And then we get to verses 11-12: “Wisdom is as good as an inheritance, an advantage to those who see the sun. For the protection of wisdom is like the protection of money, and the advantage of knowledge is that wisdom gives life to the one who possesses it.” Now, if you’re like most people, you say ‘well, that makes sense. Wisdom is good just like money is good – both give you protection.’ But, here’s the problem. Throughout the entire book of Ecclesiastes, Qohelet is saying the opposite of this. At the beginning of the book, he writes “I said to myself, “I have acquired great wisdom, surpassing all who were over Jerusalem before me; and my mind has had great experience of wisdom and knowledge.” And I applied my mind to know wisdom and to know madness and folly. I perceived that this also is but a chasing after wind. For in much wisdom is much vexation, and those who increase knowledge increase sorrow.” Not exactly a teaching to go out and study and learn all you can! In fact, Qohelet says this kind of thing so much that the rabbis who taught on this used to soften it up a bit by saying “well, he means everything other than the study of the Bible.”

He then goes on and says “I also gathered for myself silver and gold and the treasure of kings and of the provinces; I got singers, both men and women, and delights of the flesh, and many concubines. So I became great and surpassed all who were before me in Jerusalem; also my wisdom remained with me. … Then I considered all that my hands had done and the toil I had spent in doing it, and again, all was vanity and a chasing after wind, and there was nothing to be gained under the sun.”

So, when he says here in chapter 7 that “wisdom is as good as an inheritance, and advantage to those who see the sun”, it really doesn’t make a lot of sense. Either he forgot what he wrote at the beginning of the book, or he’s purposefully trying to confuse us! Either way, these two verses seem to be contradictions to what he writes elsewhere in the book.

Now, some people say “well, that’s just how Qohelet writes. The whole book is confusing – it has no structure to it, and it’s hard to tell what, if any, meaning there is to be found in it.” However, when you start to look closer at these two verses, there is something that seems to emerge from underneath the text – something that I believe points to the message of the entire book.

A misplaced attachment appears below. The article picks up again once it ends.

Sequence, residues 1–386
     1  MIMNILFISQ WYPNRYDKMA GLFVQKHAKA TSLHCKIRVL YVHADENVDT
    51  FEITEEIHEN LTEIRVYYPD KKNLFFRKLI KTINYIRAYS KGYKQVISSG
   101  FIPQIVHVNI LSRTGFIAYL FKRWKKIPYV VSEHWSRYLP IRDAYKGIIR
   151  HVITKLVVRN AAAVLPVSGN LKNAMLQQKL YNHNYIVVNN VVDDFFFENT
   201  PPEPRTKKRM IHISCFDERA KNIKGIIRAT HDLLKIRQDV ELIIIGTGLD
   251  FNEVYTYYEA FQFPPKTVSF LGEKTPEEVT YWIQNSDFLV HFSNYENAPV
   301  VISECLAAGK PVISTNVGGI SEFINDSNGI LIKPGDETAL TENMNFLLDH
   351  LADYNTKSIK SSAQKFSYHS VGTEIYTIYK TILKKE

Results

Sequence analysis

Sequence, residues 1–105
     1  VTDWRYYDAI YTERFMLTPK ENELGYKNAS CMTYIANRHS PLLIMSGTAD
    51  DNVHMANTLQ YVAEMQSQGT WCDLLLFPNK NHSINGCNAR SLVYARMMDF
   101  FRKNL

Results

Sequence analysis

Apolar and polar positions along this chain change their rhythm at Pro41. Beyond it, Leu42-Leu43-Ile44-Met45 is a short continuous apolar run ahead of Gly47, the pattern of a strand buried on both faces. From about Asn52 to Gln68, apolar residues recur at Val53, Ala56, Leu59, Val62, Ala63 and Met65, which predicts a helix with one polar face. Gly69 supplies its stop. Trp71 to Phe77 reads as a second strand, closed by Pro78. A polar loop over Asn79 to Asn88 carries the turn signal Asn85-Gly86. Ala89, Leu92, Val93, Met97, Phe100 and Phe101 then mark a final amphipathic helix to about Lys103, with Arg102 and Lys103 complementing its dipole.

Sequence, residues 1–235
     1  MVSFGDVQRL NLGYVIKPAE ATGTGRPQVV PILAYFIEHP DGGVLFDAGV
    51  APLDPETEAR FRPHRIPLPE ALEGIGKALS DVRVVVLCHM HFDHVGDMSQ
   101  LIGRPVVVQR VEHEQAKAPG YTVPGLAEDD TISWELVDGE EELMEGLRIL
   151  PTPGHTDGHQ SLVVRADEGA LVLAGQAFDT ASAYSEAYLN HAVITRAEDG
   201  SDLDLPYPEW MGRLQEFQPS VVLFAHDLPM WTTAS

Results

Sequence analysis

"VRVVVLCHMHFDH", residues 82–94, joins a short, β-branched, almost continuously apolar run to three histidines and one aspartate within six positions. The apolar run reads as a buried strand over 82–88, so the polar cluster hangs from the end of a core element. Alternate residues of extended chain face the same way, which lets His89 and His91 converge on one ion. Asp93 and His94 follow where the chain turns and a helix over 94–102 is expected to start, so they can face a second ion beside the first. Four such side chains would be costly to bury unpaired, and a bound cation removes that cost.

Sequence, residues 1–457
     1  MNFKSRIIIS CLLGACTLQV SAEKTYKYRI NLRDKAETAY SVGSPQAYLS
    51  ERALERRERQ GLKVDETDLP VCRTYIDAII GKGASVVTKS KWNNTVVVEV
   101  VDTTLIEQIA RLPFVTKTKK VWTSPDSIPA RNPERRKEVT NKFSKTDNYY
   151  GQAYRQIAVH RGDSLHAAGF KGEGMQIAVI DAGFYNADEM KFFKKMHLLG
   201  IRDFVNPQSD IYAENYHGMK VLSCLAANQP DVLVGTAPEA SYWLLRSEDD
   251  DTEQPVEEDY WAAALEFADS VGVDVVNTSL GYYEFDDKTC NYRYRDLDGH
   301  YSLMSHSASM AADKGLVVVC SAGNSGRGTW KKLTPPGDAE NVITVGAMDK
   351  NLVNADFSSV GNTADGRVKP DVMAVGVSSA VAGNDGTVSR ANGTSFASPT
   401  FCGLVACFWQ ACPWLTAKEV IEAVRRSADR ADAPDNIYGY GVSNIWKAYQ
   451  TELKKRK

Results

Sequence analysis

Now, verse 12 starts out “For the protection of wisdom is like the protection of money.” But that word “protection” really doesn’t mean that. The original word in Hebrew is “tezel”. It means shadow – like the shadow cast from the sun. Now, a lot of times in the Bible, this word, shadow, it does mean protection. For instance, Psalm 36:7 says “How precious is your steadfast love, O God! All people may take refuge in the shadow of your wings.”

But, here’s the thing. Sometimes the word shadow is related to death. Psalm 102 says “My days are like an evening shadow; I wither away like grass.” Or Psalm 109 says “I am gone like a shadow at evening.” In both of these, shadow is not protection at all. It’s not really death, but it points to it. It’s as if to say “our lives, they are like shadows – they don’t last long and they’re gone as quick as they come.” They are fleeting.

So here’s the really interesting thing. Qohelet only uses the word shadow 3 times in the entire book. In the other two instances, it’s really clear that he’s not talking about protection. The first one comes in chapter 6, at the very beginning of our scripture reading. Qohelet says “For who knows what is good for mortals while they live the few days of their vain life, which they pass like a shadow? For who can tell them what will be after them under the sun?”

Notice how he uses the words “shadow” and “sun” to play off of each other. Throughout the book, the “sun” watches over all of life. He constantly everything that happens here on earth as ‘everything under the sun.’ And then he throws in this word, shadow, to talk about how fleeting life is. Perhaps the sun represents God. If so, then when we get so busy with life that it just passes us by – then it’s like a shadow – it prevents us from seeing the sun – from seeing God.

Let’s look again at what he says in chapter 7 about wisdom and money. He says “Wisdom is as good as an inheritance, an advantage to those who see the sun. For the shadow of wisdom is like the shadow of money, and the advantage of knowledge is that wisdom gives life to the one who possesses it.” Now, the key here is that last part – “the advantage of knowledge is that wisdom gives life to the one who possess it.” You see, for Qohelet, nobody can possess wisdom. It’s like chasing after the wind. The more you try to gain wisdom the more you realize how much knowledge is out there that you don’t know. So, if the advantage of knowledge is that wisdom gives life to the one that possesses it, and nobody can possess it, then knowledge really has no advantage.

Instead, both wisdom and money are like shadows – they prevent us from seeing the sun. Remember, he says “wisdom is as good as an inheritance, an advantage to those who see the sun.” But, if both wisdom and money are like shadows, then the advantage goes to the person who gives up both his wisdom and his inheritance.

Now, you may say, “okaaay, that still doesn’t make any sense Chris!” But think about it this way – what is money good for? It allows us to buy things, right? [hold up dollar bill] This dollar – it’s just a piece of paper – it doesn’t really have much value – it can’t really do anything for me – until I spend it – until I give it away. It’s not very good advice for savings plans, but there is some truth in it – hoarding money is only good for blocking you from seeing God.